repressed emotions which to a large part was repressed anger over doctors malpractice involving his wife
    becoming paralyzed. This is said by means of encouraging Blackdog to resume normal physical activity and renew his 100 percent belief that TMS repressed emotions are causing his pain.
  6. Tennis Tom

    Tennis Tom Beloved Grand Eagle

    Get it checked out by a white-coat, a TMS doc is the best because they will be take the workings of the sub-c into account. Dr. Sarno said if it is too heavy to lift, you couldn't lift it. Can you be more specific about the exercise you were doing? To me an acute injury is more like a trauma where your butt cheek got pinched between the bumpers of two cars, or you fell and there's bleeding, abrasions and black and blue. From what little you said, it sounds like you were doing normal exercising like lifting weights or stretching and you pushed it, that's actually what you do to develop bigger muscles, pushing it harder. All in all this is all speculation because there's very little to go on as to what happened. Something "shifting" does not sound "accute" we shift things all the time. By giving it the name "piriformis pain" you are giving it power, instead of calling it TMS. How long has it lasted?
  7. blackdog

    blackdog Peer Supporter

    Thanks Tom,

    Unfortunately I am about 3 hours away from the nearest TMS doctor, plus I don't have any insurance for a few months. I was doing the Trauma Release Exercises, had been for about 3 weeks. My pelvic area (which has caused me pain for years) was doing much better than expected in the exercises. The right side is the one that has always given me pain, but the left was feeling really loose, like it wanted me to let it down farther in the position where I was on my back with my feet together up toward my groin and my knees out to the sides. So I slowly did and felt a weird pain as I was doing so in the left side, but figured "hey, this is what TMS work is all about, right?" I had heard a shifting, thunking sound around the left sacrum a couple of days earlier and felt some more "shifting" at this time. Didn't think too much of it, but then started getting pain around the left sacrum, which I never do (it's always on the right). Then my leg started feeling a little bit unstable or something around the left hip socket a couple of days later and now I have a pain in my butt where people do get pain with piriformis injury or strain. There is a pinpoint of pain that is typical of the injury. In "The Great Pain Deception" Steve says that, of course, you can injure yourself. So, my question is it OK to get some Active Release Therapy or something to speed up the healing and get this back to where I can exercise? Is it OK to treat an acute situation differently than a chronic one? Even my TMS said that of course acute injury is possible? It has been about a week or so since this all began. The last thing I want is another pain syndrome to deal with, even if it is TMS in the long run. I don't feel like I can get it checked out by an MD, because I don't have insurance. Thanks,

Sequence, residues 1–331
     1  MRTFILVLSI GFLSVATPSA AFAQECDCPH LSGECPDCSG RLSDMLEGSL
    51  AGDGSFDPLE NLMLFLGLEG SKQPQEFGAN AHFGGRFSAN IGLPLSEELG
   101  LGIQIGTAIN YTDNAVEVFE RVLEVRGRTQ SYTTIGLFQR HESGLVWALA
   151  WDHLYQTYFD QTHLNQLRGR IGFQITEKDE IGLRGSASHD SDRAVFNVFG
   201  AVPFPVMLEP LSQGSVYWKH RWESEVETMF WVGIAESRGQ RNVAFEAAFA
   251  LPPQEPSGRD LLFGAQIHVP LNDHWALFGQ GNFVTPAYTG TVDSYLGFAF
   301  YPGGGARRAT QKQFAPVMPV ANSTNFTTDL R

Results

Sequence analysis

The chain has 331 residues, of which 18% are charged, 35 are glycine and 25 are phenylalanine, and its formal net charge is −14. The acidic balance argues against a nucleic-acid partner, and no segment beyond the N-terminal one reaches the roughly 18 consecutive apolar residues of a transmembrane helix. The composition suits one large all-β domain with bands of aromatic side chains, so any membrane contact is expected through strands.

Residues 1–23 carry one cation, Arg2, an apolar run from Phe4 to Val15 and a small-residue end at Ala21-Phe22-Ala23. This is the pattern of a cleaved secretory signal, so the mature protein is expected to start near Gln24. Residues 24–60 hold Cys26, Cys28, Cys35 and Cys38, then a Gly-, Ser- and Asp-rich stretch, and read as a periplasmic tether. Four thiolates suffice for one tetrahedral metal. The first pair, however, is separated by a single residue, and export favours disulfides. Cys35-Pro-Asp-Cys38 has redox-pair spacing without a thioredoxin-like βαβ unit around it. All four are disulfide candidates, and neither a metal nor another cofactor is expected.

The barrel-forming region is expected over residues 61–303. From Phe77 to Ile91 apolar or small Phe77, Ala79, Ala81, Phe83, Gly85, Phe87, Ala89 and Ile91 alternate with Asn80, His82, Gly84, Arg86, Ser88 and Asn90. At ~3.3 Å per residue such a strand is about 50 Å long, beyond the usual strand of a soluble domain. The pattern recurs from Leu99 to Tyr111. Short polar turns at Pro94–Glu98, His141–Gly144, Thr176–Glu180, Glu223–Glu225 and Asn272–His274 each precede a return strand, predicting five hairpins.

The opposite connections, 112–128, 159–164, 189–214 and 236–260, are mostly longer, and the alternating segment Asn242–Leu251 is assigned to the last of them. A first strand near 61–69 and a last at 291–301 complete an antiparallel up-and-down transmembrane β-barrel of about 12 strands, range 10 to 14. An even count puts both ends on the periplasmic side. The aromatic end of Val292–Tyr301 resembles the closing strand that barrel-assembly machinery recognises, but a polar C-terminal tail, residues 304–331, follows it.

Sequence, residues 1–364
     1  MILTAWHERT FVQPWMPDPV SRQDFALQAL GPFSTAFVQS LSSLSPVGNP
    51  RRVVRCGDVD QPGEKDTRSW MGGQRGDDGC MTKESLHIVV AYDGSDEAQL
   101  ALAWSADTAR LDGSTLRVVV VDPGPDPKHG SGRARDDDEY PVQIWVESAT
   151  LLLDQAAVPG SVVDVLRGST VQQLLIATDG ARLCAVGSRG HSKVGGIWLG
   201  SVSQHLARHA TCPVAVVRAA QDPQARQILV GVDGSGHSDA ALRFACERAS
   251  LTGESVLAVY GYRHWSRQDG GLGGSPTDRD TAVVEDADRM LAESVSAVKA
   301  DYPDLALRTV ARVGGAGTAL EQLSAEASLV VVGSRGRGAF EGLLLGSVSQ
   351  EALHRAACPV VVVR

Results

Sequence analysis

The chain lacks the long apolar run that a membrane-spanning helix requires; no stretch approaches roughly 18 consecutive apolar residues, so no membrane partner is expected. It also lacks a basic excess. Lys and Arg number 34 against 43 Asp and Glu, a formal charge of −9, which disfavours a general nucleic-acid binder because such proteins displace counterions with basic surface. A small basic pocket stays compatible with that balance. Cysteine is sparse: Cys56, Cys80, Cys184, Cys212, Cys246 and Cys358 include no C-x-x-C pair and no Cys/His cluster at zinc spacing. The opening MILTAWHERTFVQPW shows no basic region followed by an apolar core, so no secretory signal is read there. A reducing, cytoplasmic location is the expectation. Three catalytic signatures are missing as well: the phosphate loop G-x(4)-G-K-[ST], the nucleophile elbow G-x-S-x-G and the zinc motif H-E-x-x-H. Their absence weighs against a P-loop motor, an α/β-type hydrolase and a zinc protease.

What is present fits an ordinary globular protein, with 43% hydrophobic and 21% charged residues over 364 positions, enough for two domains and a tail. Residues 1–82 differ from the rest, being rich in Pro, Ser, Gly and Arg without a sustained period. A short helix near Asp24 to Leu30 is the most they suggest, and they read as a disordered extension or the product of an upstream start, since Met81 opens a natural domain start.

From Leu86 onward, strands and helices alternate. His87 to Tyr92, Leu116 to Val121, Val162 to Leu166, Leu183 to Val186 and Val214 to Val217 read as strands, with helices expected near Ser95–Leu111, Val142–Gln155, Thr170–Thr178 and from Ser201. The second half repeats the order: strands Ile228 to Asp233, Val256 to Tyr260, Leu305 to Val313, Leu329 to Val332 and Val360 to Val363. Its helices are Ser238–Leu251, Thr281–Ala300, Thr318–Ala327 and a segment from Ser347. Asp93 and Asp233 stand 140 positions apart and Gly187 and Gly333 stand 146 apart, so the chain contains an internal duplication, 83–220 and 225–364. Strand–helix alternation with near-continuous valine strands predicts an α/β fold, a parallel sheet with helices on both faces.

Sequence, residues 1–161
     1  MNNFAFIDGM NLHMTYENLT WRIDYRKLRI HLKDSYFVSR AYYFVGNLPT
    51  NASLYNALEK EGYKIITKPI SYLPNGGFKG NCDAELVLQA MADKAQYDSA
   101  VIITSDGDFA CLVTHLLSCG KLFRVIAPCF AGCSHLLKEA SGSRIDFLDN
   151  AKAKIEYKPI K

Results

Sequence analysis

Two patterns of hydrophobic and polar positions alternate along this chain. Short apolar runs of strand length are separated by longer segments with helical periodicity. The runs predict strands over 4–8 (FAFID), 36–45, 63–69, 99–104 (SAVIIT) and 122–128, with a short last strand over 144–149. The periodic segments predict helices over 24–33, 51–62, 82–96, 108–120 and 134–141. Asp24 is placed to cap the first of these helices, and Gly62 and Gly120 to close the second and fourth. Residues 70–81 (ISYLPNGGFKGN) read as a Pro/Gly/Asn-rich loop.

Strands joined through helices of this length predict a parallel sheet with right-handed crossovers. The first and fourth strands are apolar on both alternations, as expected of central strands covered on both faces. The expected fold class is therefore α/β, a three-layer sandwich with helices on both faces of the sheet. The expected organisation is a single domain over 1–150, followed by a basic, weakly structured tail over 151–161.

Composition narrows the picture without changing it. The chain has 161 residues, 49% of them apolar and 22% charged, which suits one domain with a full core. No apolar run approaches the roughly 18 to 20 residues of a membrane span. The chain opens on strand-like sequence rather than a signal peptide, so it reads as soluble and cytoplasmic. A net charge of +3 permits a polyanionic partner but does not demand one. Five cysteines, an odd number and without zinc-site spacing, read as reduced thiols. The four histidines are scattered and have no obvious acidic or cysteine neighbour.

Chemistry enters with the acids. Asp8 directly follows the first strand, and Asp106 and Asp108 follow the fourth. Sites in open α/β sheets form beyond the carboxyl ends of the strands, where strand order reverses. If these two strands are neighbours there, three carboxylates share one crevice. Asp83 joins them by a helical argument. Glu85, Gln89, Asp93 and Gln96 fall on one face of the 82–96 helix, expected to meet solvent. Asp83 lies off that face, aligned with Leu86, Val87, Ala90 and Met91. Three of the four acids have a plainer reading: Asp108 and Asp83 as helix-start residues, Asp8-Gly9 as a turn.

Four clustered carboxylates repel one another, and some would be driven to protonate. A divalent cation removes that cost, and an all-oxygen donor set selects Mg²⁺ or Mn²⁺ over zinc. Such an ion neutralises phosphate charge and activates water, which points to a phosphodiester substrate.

8. Tennis Tom

    Tennis Tom Beloved Grand Eagle

    I'm off to a tennis tournament I'm a sponsor for so maybe some others will chime in, but real quick, are trauma release exercises part of a TMS program??? I doubt it, Dr. Sarno QUIT sending peeps to PT early on because it riveted their focus on the PHYSICAL and off the EMOTIONAL!